Thousands of Muslims on Friday in Jakarta rallied against the city’s ethnic Chinese and Christian governor over comments perceived as insulting to Islam.
The protestors demanded Basuki Purnama be prosecuted over remarks he made in September.
They alleged that his opponents in next year’s gubernatorial election had used a verse in the Koran to deceive voters to prevent him from winning another term.
Purnama is seeking another term and is backed by President Joko Widodo’s Indonesian Democratic Party of Struggle in the election scheduled for February 15, 2017.
One of the protesters said the text in question is Surah “Al-Mai’dah verse 51, which many Muslims in Indonesia interpret as prohibiting them from electing non-Muslims as their leaders.
He said blasphemy is defined in Indonesia as “publicly expressing hostility to, misusing or disparaging any of the recognised religions.”
Many dispute that the governor did in fact do this, including many Muslims, but the hardliners disagree.
Munarman, Spokesman for the Islamic Defenders’ Front, a hardline group, using Purnama’s Chinese nickname, insisted that Ahok must be arrested, not just questioned.
He said Purnama, the Muslim-majority city’s first ethnic Chinese governor, who is also a Christian, has a reputation for tough-talking and no-holds-barred speeches.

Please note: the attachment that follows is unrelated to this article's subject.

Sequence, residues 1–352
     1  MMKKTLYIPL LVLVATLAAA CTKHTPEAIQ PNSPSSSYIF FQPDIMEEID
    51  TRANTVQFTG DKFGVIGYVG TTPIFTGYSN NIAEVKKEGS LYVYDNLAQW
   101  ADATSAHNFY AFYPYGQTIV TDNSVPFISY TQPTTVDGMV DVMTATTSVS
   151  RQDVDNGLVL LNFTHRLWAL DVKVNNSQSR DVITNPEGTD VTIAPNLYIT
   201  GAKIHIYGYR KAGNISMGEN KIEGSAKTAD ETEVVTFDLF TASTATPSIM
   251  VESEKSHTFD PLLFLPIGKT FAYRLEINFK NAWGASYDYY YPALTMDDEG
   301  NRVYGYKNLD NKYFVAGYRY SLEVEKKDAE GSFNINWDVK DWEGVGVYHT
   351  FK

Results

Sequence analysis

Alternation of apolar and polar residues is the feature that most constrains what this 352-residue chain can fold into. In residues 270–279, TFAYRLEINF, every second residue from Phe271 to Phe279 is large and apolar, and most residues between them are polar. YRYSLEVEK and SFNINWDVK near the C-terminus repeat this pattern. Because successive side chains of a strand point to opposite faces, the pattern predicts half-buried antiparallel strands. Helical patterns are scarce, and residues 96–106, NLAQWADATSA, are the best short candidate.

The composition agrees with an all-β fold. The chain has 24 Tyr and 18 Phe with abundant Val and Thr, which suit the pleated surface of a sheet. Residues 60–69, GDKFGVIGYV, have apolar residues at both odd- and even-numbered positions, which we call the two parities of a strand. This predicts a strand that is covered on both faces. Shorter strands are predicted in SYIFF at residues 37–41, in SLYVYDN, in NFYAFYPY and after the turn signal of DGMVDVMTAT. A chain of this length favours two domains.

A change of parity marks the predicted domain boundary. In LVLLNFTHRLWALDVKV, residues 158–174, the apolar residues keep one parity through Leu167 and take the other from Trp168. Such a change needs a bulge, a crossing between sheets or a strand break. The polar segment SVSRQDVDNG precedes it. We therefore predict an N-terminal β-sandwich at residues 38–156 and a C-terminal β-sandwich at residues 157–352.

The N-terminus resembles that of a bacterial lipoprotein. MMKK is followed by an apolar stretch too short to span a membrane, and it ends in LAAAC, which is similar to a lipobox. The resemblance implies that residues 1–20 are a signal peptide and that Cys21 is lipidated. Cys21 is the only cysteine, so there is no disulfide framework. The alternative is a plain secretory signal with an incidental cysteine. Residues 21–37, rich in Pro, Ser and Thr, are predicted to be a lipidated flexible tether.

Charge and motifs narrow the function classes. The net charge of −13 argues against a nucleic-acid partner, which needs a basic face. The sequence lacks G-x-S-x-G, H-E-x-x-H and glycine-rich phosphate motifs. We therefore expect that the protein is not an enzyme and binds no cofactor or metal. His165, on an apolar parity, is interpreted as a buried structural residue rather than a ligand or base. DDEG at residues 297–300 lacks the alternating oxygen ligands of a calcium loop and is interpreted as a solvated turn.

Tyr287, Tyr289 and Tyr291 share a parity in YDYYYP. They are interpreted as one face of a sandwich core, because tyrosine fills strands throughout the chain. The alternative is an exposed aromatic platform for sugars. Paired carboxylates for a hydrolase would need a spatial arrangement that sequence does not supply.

Munarman said his abrasive style has ruffled the feathers of city officials and other politicians.
“Purnama has apologised for the Koran remarks, but his expression of remorse failed to appease more hardline Muslims.
Muksin Tanjang, a 23-year-old protestor, said “This is about our faith; we want Ahok to be sent to jail and stripped of his job.”
National Police Chief, Tito Karnavian, called on protesters to do it in a peaceful manner, warning that they don’t want a repeat of happenings in Middle East like Syria and Iraq.
The officer warned that Muslim extremists could exploit the rally to spread chaos.
Karnavian said 60,000 protestors were estimated to be around but more than 2,000 police and soldiers were deployed to deal with any potential violence.
Former Indonesian President Susilo Bambang Yudhoyono, whose son is a contender in the gubernatorial election, has urged police to investigate Purnama.
He warned that there should be no impression that Ahok is above the law.
Yudhoyono said that under the Indonesian law, blasphemy is punishable by five years in prison.